Radiation, Japan, and irresponsible reporting: Part III

19 04 2011

Image of one of the damaged Fukushima reactors. (Credit: Reuters)

As detailed in Part I and Part II of this series, the vocabulary of radiation science, (known as “health physics,”) is being chronically misused and confused by the news media in its coverage of the Fukushima nuclear incident in Japan, and critical context is being ignored when details are reported.  The result?  There is so much misinformation flying around that it’s basically impossible for an ordinary person to make sense of the situation.

This post series is an attempt to help.  So, to briefly recap:

  • “Radiation” cannot travel in a cloud, nor can it “settle” onto something.  Radiation is simply the atomic/sub-atomic particles and rays of x-ray-like energy beamed out from overweight, (i.e. radioactive,) elements.  The effects of these particles/rays are pretty short-range.
  • “Radioactive material” is what can do the distance traveling – actual bits or chunks of stuff – which itself emits radiation.
  • When some radioactive material lands somewhere you don’t want it, it is called “contamination,” and none of it is really mysterious.  You can wash contamination off, wipe it up, etc.  It’s really just chemistry, after all.

Let’s take a moment to further the discussion and talk about why radiation is something we don’t like, and what we can do about it.  In truth, radiation is far more natural than anyone (particularly with an anti-nuclear agenda) tends to broadcast.

Water around Idaho National Laboratory Advanted Test Reactor glows blue due to the intense radiation field. (Credit: Matt Howard)

To be completely fair, you should understand that light is radiation – that’s right, regular ol’ light from your edison bulb.  However, it’s low enough energy that it doesn’t do any damage to you.  All types of light are types of radiation, including infrared light, ultraviolet light (which is why it burns/causes cancer), microwaves (which is why it can cook your food), x-rays (which is why you need a lead apron as a shield at the hospital), as well as the stronger gamma-rays that are one of the main types of radiation people talk about when they say something is radioactive.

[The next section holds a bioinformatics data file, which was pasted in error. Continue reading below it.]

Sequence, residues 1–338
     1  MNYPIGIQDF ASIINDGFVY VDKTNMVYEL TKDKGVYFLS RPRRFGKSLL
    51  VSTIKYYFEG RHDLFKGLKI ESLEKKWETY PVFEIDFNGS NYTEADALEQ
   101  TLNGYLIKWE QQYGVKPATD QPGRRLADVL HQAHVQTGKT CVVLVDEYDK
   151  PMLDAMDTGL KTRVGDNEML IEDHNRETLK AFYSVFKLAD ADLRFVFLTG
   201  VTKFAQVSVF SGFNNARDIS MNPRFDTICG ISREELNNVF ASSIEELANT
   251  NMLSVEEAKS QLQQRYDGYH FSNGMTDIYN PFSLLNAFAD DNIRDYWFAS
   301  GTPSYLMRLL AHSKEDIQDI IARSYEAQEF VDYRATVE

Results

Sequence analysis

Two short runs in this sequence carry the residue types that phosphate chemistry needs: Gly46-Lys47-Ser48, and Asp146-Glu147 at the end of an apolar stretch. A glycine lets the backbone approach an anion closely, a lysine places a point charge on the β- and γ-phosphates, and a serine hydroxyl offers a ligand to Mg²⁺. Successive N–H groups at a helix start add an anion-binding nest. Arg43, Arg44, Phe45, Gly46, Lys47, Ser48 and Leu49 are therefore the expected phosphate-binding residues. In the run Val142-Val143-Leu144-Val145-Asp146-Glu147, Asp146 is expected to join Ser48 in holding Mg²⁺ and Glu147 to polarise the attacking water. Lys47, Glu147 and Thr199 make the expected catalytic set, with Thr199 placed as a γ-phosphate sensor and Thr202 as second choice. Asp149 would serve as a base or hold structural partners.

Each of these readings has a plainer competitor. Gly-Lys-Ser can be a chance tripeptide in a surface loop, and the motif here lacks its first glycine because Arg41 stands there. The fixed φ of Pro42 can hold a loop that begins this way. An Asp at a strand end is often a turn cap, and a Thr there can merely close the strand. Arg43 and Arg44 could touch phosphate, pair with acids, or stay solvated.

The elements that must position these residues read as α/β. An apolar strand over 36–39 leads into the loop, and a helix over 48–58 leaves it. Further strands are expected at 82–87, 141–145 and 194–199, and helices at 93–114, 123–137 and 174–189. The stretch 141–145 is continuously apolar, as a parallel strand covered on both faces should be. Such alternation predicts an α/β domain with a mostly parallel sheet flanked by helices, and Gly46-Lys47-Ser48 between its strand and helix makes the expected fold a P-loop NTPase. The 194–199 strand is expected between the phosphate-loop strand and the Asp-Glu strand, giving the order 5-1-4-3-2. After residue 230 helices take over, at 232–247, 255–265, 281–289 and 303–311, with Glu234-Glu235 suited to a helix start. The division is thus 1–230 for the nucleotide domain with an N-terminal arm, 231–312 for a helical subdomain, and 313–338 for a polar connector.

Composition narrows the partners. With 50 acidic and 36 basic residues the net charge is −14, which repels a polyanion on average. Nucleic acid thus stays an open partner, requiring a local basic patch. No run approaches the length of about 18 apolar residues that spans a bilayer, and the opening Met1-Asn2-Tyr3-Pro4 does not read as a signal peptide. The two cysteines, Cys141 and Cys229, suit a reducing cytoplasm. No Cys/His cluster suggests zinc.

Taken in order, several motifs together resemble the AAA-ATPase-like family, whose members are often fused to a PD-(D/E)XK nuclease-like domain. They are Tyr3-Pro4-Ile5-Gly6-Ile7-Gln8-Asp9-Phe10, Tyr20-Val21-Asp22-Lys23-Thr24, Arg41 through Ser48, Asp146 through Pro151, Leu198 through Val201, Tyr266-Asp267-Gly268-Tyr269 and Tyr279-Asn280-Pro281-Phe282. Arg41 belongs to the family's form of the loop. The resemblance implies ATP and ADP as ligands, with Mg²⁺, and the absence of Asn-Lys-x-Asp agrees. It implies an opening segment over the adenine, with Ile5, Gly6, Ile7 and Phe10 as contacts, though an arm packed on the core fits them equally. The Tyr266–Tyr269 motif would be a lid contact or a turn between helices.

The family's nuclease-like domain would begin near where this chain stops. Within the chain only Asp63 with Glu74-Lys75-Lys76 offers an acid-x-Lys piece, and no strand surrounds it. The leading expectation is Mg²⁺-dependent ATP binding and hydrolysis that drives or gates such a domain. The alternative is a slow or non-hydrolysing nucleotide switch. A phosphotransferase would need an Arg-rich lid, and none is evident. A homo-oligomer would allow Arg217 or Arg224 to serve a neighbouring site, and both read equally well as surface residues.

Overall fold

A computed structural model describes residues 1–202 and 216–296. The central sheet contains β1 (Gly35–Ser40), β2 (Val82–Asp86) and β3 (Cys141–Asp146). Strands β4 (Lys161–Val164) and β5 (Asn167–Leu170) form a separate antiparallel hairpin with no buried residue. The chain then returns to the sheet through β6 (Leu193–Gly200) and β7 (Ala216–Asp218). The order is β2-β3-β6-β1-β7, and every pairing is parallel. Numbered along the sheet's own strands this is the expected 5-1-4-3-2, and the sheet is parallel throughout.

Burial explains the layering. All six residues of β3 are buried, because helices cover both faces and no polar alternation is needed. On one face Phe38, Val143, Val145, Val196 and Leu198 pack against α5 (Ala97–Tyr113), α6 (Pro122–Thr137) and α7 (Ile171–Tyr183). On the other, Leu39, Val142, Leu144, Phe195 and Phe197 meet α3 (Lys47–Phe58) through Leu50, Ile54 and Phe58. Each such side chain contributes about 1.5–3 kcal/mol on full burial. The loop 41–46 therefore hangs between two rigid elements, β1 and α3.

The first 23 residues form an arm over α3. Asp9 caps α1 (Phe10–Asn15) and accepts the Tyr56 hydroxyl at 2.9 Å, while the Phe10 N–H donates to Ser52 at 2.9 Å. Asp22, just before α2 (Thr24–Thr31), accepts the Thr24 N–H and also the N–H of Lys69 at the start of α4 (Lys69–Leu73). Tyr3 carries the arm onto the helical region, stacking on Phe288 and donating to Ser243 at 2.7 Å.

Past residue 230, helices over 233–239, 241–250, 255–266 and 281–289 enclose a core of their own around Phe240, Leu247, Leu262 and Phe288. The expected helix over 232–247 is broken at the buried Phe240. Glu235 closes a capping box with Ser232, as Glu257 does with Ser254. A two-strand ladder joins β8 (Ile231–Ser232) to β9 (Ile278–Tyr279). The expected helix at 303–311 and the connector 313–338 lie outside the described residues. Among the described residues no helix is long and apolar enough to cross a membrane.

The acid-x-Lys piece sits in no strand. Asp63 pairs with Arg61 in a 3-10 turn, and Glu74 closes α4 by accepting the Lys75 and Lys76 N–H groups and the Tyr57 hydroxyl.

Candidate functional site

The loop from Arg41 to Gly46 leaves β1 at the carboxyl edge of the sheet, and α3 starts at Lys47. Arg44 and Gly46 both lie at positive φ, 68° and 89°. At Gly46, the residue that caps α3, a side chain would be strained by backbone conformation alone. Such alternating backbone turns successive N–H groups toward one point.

However, what few know is that your own body emits gamma rays.  It’s a fact (see: potassium-40).  So do plants growing in the wild, the sun above us, generally half of the mountains around you, and your granite countertops.  Our bodies are built to withstand ordinary amounts of radiation exposure.  Alpha and beta particles (other types of radiation) can’t even penetrate our skin.

Radiation is a normal part of the natural world.

Giant fireballs rise from a burning oil refinery in Ichihara, Chiba Prefecture. (Credit: Associated Press)

So, now that we understand that, of course there are intensities of radiation that are unhealthy, just as breathing too many chemical fumes can be quite harmful to you, (e.g., gasoline, cleansers under your sink, bleach, etc.)   This is one of the largest misconceptions about the Fukushima disaster – that it is the worst part of the earthquake/tsunami effects.  In my opinion it is not.

The nuclear reactors are definitely gaining the most media attention, but the biochemical aspects of the earthquake/tsunami disaster are much more widespread.  -Ruptured sewer lines across the nation.  -Burning oil refineries.  -Dumped chemical warehouses swept over by the giant wave and spread out all over the place.  -Biological hazards.  The media is ignoring the true scale of the disaster in its addiction to the nuclear mystique.

But I digress.  Yes, there certainly are harmful and dangerous levels of radiation being emitted by the damaged reactors, which like a more powerful version of a sunburn can damage DNA and cause certain types of cell mutations (cancers).  So, we ask the question: If you’re near to a source of harmful radiation, whether it’s a nuclear fuel rod or a cloud of fallout, what can you do about it?  Fortunately, the answer is very simple.  There are three things you can and should do, and these are the same things you would do in the event of a nuclear attack as well, (so take heed):

  • Get away from the source as fast as possible.  [Time]
  • Get as far away from the source as you can.  [Distance]
  • Position yourself so that dense objects are between you and the radiation source, such as hills, mountains, brick walls, mounds of dirt, etc.  [Shielding]